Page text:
“Right up until the 20th century, the sick were cared for by the Sisters of the Hospices de Beaune in the magnificent building. Its reputation spread far and wide and it became known as the ‘Palace of the Poor’. Donations were received, new rooms added with works of art included. Hospitals in other communes, Pommard, Volnay and Meursault joined forces to make up the Hospices, bringing with them donations of vineyards, which today total 53 hectares. The famous wine auction, a charity sale, held each November at the Hospices is still reaping the rewards.
“Down each side of the Great Hall with its wooden vaulted roof, built like the hull of a ship, the curtained four-poster beds are aligned. The chapel at the end of the room is an intricate part of it. Here the polyptych painted by the Flemish artist Roger Van de Weyden representing the Last Judgement used to hang, seen by the sick only on Sundays and feast days. Today this is now on display in a room of its own. You can visit the kitchen which has recently been restored, the pharmacy and dispensary which used many herbs grown in the ‘jardins des simples’ behind.”
“The Room of the Poor measures 50x14x16 meters. On the ceiling, the exposed painted frame is in an upside down boat-skiff shape, and in each beam are sculpted caricatures of important inhabitants of Beaune. ” ~ Wikipedia
The chapel was at the end of the large room to allow patients to attend mass from their bed.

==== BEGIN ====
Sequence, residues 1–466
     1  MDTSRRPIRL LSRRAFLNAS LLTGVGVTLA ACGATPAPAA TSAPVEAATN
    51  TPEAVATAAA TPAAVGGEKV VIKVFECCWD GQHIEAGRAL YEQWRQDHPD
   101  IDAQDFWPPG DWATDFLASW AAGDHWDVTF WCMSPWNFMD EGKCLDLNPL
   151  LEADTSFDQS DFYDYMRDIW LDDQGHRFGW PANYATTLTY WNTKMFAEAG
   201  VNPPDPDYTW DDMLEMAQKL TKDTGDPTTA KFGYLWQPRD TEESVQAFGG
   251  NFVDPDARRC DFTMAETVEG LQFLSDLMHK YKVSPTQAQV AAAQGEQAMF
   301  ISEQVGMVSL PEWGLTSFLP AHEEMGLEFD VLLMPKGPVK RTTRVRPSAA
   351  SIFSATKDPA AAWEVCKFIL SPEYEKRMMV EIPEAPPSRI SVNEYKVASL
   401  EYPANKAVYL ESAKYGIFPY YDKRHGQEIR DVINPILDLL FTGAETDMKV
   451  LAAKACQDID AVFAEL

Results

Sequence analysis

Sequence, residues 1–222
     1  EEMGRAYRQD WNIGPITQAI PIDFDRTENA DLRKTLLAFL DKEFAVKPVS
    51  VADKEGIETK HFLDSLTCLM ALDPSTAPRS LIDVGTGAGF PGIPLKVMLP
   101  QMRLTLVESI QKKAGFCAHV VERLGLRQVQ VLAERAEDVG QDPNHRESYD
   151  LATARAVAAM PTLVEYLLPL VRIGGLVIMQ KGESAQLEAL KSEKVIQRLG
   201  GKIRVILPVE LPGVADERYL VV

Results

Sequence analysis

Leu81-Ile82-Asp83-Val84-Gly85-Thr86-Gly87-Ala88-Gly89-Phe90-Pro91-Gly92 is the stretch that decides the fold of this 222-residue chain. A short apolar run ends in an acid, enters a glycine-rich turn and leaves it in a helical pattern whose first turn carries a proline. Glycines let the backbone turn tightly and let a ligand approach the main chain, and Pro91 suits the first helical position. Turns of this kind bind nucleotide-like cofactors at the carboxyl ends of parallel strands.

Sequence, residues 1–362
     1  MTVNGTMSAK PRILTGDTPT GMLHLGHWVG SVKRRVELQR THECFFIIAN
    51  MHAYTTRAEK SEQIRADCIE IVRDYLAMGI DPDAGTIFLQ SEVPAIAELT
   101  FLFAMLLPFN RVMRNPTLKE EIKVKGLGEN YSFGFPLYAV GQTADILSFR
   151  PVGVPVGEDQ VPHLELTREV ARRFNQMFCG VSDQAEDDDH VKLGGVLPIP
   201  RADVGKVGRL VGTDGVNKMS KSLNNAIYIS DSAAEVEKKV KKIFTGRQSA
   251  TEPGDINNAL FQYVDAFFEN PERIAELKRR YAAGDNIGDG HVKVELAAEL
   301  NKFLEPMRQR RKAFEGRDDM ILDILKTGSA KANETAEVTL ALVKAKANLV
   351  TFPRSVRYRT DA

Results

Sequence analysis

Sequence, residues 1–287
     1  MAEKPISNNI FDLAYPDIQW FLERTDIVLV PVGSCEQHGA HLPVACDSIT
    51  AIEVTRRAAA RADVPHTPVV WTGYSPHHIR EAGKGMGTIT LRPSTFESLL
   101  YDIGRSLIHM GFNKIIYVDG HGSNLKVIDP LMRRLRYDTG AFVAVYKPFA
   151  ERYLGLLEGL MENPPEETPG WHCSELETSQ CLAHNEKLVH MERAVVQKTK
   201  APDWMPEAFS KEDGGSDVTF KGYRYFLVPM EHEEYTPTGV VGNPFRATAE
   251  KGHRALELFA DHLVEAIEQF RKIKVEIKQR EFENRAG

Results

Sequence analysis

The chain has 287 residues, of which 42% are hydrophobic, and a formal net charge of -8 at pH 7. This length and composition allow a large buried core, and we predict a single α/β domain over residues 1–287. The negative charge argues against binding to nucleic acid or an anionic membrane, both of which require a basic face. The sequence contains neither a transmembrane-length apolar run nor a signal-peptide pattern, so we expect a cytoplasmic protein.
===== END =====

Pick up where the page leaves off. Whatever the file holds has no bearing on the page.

One more area we walked through showcased some beautiful artwork, including The Beaune Altarpiece, by Rogier van der Weyden. The panels were too large to capture properly in one shot, so I broke them up into the center, left and right section. They show the judgement, with being saved and going to heaven or damned and going below.
Over the years the monks were gifted with wines and vineyards. This allowed them to develop a unique fundraising plan. The annual wine auction of Hospices de Beaune is now the primary wine auction in France with the funds going to support the hospital.
Back on board late afternoon, with plenty of time to simply relax and watch the beautiful scenery pass us by as we moved toward our next stop – Lyon.
So peaceful, incredibly relaxing…
Gratitude Moment: Today I am grateful for kind people like this couple who saw a need, donated their own funds to build the hospital, and initially maintained it so that the local poor community could be treated medically with dignity, proper nutrition, and spiritual support. I’m also grateful that I was able to enjoy a typical burgundy meal, complete with escargot in the shell and did not have a “Pretty Woman” episode where the snail shell went flying through the air and was caught by the attentive waiter. Sometimes it is the big things, some days the small things that delight and give so much pleasure.
A warm hello to anyone new to our blog. We are delighted that you found us.
Those villages you named are the names of some of my favorite wines. I love the beautiful roofs of the Burgundian buildings. Hey, was that lunch rushed, or more at a snails pace?
Haha! A snails pace for sure as is every good meal in France!